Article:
Profile: Audi Sport Quattro

Andrew Noakes looks at one of the motoring world's best-loved icons.

Max Earey

Thirty years ago, the most expensive German car wasn't a Merc or a BMW or a Porsche, it was an Audi Quattro.

To secure one of the 200 Sport Quattros that Audi planned to offer for public sale, you had to lay your hands on DM200,000, which was just shy of £50,000 ($80,095 US). Back then that would have bought you an optioned-up BMW 735i -- with enough left over for a Ferrari 308GTBi...

The stratospheric price tag was justified because the Sport Quattro wasn't simply a breathed-on version of the 1980 Quattro coupe -- it was far more. Or less, depending on how you look at it: one of the major changes was a 12.6-inch (320mm) shorter wheelbase and a 10.7-inch (270mm) reduction in overall length, both of which made the Sport Quattro a lighter and more agile rally car. A more upright windscreen was fitted to kill reflections, and there were wide arches, moulded in a Kevlar composite to cover wider 9-inch wheels.

Not even its designer Peter Birtwhistle would describe the Sport Quattro as pretty, but it was certainly purposeful.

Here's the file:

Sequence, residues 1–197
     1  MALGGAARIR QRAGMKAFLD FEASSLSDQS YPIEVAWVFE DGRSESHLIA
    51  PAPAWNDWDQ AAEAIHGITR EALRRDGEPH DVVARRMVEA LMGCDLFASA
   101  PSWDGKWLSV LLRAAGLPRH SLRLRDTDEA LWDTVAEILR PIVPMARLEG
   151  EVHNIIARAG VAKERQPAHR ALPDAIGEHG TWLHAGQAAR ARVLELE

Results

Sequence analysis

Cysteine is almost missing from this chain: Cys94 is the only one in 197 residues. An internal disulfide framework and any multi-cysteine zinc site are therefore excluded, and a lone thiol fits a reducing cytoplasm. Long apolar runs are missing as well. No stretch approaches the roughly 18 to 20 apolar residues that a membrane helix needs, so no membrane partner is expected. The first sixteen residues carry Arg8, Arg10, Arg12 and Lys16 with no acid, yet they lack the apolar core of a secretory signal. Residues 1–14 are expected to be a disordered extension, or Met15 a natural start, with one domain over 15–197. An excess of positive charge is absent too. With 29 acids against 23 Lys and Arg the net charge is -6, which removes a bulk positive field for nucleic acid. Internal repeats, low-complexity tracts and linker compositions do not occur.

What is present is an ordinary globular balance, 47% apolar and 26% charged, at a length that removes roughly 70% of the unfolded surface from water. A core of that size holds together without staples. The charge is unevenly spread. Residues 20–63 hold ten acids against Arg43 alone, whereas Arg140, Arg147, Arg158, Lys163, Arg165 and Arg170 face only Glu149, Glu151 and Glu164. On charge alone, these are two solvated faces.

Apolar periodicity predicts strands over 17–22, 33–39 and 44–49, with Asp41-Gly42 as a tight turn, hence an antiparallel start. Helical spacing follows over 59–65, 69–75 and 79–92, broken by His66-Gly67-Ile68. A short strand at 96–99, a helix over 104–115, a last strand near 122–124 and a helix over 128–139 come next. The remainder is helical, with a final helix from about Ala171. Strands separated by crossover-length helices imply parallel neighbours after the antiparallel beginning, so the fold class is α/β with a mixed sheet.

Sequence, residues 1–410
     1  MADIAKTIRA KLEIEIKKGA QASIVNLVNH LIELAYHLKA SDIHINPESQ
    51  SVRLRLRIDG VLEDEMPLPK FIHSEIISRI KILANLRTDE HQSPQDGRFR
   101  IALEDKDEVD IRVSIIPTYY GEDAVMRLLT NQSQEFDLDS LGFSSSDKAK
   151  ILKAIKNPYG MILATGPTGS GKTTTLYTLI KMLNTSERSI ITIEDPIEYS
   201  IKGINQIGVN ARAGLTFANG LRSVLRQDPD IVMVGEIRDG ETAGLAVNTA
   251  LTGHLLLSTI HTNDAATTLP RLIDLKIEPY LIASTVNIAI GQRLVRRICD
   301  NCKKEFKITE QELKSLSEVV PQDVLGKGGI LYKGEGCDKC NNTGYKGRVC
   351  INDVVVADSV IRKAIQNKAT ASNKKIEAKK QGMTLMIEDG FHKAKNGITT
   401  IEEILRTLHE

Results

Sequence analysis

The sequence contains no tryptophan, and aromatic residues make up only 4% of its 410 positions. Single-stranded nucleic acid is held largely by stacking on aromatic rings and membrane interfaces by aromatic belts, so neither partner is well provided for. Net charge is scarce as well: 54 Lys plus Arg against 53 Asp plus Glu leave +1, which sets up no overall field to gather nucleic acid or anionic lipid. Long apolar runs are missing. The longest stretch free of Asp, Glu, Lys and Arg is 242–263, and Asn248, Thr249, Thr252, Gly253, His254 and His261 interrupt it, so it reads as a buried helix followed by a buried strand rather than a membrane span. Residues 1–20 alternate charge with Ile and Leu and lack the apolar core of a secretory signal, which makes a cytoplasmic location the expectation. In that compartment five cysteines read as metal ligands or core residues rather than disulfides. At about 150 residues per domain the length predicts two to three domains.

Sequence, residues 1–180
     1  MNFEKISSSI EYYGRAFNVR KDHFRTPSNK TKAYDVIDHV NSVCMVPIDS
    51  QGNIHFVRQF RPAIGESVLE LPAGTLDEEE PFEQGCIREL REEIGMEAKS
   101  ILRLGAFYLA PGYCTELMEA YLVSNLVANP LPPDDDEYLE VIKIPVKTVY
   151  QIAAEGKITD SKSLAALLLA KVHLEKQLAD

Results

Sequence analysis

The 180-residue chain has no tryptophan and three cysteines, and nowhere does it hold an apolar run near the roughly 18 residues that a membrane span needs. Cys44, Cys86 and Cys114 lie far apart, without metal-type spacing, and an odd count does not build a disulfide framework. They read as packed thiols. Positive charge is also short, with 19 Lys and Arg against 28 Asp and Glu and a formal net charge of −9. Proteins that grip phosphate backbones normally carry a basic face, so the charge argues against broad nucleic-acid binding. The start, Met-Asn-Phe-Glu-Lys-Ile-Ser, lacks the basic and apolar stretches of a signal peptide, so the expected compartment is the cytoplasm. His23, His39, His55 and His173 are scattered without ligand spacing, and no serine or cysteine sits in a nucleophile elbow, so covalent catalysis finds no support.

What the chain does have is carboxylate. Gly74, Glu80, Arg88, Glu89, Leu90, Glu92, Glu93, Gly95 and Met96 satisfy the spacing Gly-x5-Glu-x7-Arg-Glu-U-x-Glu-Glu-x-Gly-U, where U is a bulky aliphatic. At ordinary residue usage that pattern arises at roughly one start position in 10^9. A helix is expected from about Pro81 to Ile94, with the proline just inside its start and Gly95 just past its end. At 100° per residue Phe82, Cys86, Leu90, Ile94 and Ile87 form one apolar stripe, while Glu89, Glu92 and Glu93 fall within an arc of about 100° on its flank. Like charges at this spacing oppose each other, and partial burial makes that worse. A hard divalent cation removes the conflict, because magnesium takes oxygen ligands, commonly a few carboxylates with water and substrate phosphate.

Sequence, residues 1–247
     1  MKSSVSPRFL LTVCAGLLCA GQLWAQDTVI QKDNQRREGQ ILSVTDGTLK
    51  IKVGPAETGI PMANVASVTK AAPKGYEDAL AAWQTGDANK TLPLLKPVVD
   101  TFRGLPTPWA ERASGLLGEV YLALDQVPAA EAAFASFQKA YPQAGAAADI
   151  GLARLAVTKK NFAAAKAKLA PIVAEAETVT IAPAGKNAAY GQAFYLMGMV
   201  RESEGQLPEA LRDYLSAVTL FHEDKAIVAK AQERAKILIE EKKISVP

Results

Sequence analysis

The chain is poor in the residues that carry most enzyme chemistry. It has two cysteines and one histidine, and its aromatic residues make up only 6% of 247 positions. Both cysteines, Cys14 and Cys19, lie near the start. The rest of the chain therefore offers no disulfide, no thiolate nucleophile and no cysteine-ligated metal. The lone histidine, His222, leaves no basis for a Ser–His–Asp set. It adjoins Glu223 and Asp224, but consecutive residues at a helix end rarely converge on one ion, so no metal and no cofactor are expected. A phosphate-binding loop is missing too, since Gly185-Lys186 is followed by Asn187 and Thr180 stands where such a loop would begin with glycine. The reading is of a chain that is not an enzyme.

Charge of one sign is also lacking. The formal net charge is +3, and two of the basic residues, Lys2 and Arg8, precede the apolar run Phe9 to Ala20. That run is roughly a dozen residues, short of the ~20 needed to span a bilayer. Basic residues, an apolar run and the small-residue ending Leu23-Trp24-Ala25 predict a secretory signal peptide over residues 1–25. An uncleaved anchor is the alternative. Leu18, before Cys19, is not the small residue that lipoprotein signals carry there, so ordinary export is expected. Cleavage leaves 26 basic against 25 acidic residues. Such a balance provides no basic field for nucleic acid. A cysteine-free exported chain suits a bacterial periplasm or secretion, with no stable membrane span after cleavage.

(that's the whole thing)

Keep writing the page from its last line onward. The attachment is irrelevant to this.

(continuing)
Power came from a 2,133cc version of Audi's five-cylinder engine with an alloy block in place of the iron original. There were four valves per cylinder and a massive KKK turbo to deliver over 300 bhp in road spec and up to 600 bhp in competition trim.

The Sport Quattro was unveiled in 1983, and Audi's works rally drivers had them by the end of 1984, to take on Group B rivals like Lancia's 037 and Peugeot's 205T16. But as a rally car, it never quite made the impression that its image suggested it should have. It won only two world championship rallies, with Stig Blomqvist at the wheel in the Ivory Coast Rally in 1984 and then in Sanremo in '85 driven by Walter Röhrl.

Audi left the World Rally stage early in 1986, after a string of serious accidents involving other teams. Perhaps the Sport Quattro could have achieved more if its career had lasted longer, but the works cars had been soundly beaten by the midengined Peugeot 205T16 in 1985, and Lancia's Delta S4 was ever more competitive. It would have been tough.

As it is, the Sport Quattro's greatest achievement was to win the Pike's Peak International Hillclimb outright three years in a row, driven by Michèle Mouton, Bobby Unser, and Röhrl.

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About the author

Andrew Noakes studied automotive engineering before deciding that writing about cars was more fun. He was technical editor of Fast Car magazine in the 1990s and then founded the award-winning classic car mag Classics. Since then he has written more than a dozen car books, and alongside that lectures in automotive journalism at Coventry University. Obsessed with fine engineering, he drives a car with what he says is "one of the greatest engines of its time, or any other": a BMW E46 M3.

 

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